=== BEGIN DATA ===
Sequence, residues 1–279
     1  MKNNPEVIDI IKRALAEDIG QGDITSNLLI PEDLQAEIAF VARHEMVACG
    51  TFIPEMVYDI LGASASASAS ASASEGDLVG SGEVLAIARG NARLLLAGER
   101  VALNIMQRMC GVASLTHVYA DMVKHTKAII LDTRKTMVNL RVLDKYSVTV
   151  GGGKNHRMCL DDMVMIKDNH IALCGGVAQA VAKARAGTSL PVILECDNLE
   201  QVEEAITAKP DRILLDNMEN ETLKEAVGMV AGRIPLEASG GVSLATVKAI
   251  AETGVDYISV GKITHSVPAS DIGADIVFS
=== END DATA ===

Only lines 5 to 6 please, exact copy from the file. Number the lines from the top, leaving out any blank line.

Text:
   151  GGGKNHRMCL DDMVMIKDNH IALCGGVAQA VAKARAGTSL PVILECDNLE
   201  QVEEAITAKP DRILLDNMEN ETLKEAVGMV AGRIPLEASG GVSLATVKAI